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TO WHAT EXTENT WAS CHRISTIANITY A UNIFYING INFLUENCE IN THE HISTORY OF EUROPE?

"Europe was a Christian creation, not only in essence but in minute detail"

The above statement can perhaps best sum up the relationship between Christianity and Europe throughout the ages. Christianity has been the strongest single influence in the history of Europe. Regardless of the century, no discussion would be complete without reference being made, at least in small part, to the Church. It is true that in recent centuries this influence has declined significantly, but nevertheless one could argue that it still plays an important part in the lives of many people. Throughout history Christianity has been both a unifying force and also a force for disunity. During the Dark Ages it was the only unifying force. By the Middle Ages   people defined themselves by their religion and in Europe this religion had become Christianity. Through it's missionary work, it's monasteries, it's education, it pilgrimages, it's crusades, it's influence on art and architecture and it's Papacy it had united the peoples of Europe. By the thirteenth century all of Europe was Christian. It's ideas penetrated every aspect of life and every political and economic arrangement. It's churches could be seen in the major cities as well as the mountainside villages of rural Europe. It's bishop's were part of the politics of countries at the highest level and for many centuries it's clergy played the role of civil servants to the European rulers. It helped form the foundations of modern human rights and law across Christendom. By the end of the reformation Christianity had passed it's peak of influence on European society, and so in evaluating it's influence, it is perhaps best to end this paper at that point. Also because of the enormous time span covered by history of Christianity and the amount of material it includes it is very difficult to cover everything and so it is necessary to be selective. However it is worth giving a brief history of the birth of this religion.

At the beginning of the first century a new religion was born and started to spread rapidly across the Roman Empire. Its source of inspiration was Jesus. It was different to the other religions of the day in a profound way. It was universal, offering all things to all men, proclaiming an afterlife, triumph over death, and presenting a road to salvation for all men and women. It emphasised the inner life and filled the spiritual void created by the Roman lifestyle.  Yet it was one of many religions. There were many rivals, the mystery religions of Persia, Syria and Egypt were popular at the time and of course there was Judaism. Nothing at the time suggested this Jewish heresy could rival the other religions.  Nevertheless Christianity spread relatively quickly, mainly due to the missionary work of St. Paul and, also, St. Peter. St Paul's journeys took him to Palestine, Asia, Macedonia, Greece, Rome and finally Spain. In addition this new religion spread quickly throughout the Roman garrisons and from there was carried by the soldiers through the Empire. In early fourth century Emperor Decius attempted to wipeout the Christian faith, the great persecution lasted thirteen years, but in 313 the 'Edict of Milan', in which religious tolerance was granted to Christians and previous anti-Christian legislation was repealed, was passed. Soon the Emperor Constantine was converted and became the first Christian emperor. Thus the Empire was identified with Christianity. It soon became the state religion and by the fifth century the empire had become exclusively Christian.   However the break-up of the Roman Empire in the West and its invasion by barbarian tribes soon threatened this Christian unity.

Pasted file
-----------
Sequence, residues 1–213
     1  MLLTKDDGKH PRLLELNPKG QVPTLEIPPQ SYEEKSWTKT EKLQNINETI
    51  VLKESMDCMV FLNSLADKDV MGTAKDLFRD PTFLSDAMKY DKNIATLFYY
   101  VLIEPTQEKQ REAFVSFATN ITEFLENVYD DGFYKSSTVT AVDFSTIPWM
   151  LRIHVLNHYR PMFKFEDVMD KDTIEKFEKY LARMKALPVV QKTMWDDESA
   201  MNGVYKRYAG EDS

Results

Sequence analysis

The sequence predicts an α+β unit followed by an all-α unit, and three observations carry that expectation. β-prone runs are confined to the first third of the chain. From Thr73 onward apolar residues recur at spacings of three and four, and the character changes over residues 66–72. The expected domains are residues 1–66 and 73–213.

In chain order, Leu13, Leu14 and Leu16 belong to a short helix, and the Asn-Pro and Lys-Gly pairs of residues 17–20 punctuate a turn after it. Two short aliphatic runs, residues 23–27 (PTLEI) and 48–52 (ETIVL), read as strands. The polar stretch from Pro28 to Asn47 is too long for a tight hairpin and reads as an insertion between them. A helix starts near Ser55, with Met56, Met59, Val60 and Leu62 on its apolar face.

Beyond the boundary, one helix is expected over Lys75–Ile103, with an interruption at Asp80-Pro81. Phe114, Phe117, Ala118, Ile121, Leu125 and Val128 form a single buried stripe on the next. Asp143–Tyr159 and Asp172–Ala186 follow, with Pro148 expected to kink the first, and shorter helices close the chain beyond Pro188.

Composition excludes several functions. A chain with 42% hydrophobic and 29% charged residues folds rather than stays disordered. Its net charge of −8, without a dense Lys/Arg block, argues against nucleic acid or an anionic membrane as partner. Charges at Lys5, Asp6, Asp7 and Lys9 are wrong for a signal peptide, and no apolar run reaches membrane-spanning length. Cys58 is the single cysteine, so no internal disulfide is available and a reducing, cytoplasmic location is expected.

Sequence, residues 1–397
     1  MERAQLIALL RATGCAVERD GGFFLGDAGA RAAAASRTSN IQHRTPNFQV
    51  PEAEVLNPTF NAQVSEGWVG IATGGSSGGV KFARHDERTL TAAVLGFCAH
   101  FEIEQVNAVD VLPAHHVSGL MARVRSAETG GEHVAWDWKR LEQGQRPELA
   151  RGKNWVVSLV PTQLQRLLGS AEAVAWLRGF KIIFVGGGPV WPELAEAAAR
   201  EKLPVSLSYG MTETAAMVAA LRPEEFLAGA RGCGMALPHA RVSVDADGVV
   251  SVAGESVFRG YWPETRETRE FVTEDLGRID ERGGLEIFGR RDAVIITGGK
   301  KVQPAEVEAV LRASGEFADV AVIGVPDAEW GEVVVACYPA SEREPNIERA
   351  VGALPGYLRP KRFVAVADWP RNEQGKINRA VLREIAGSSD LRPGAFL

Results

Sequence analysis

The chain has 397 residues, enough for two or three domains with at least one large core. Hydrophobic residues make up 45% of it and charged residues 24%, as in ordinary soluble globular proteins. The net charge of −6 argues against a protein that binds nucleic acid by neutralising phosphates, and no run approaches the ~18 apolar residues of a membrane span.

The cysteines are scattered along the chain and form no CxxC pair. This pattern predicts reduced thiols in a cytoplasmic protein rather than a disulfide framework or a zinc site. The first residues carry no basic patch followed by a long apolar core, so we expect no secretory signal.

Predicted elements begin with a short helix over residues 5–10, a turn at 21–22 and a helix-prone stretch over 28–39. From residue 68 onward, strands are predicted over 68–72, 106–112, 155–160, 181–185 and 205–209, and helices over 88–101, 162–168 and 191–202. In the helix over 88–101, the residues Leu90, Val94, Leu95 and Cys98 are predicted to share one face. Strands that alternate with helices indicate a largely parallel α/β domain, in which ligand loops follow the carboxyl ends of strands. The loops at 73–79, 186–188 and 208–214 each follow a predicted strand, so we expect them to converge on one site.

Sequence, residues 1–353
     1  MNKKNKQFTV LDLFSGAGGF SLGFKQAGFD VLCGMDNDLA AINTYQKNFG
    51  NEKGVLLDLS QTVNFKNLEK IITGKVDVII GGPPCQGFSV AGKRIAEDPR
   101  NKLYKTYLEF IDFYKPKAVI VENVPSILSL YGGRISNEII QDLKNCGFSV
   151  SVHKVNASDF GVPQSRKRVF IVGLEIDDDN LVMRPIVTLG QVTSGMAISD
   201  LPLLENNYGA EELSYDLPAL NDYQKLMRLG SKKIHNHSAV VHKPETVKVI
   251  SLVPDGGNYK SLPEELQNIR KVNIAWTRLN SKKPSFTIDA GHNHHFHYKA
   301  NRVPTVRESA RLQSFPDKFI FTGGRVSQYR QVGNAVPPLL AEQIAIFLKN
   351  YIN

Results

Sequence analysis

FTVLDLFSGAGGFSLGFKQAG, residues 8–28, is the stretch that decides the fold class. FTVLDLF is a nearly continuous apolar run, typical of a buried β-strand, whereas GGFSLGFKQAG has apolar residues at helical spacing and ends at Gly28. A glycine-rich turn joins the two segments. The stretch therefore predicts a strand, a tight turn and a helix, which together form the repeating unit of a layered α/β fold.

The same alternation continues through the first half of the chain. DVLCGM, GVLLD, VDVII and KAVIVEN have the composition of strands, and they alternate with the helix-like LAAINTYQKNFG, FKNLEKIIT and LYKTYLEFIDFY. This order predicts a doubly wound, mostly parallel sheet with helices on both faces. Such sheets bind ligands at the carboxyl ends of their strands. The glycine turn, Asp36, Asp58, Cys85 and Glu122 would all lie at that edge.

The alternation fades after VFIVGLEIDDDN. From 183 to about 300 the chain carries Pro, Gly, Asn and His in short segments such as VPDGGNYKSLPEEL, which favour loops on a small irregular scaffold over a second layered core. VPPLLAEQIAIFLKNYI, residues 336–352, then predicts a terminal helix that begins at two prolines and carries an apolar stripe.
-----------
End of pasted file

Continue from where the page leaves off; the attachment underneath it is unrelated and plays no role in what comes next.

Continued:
During the Dark ages, from the fall of the Roman Empire to the birth of the Carolingian Empire, monasticism was, perhaps, the greatest unifying force for Europe within Christianity and, although weakened, this force continued to have some influence in the Middle Ages. Monasticism's origins lay in the East. The first monks had, in the third century, settled in the Egyptian Dessert near the Nile  and the first cenobites, monks grouping into enclosures formed by cells built around a central chapel, were gathered by Pachomius in ... more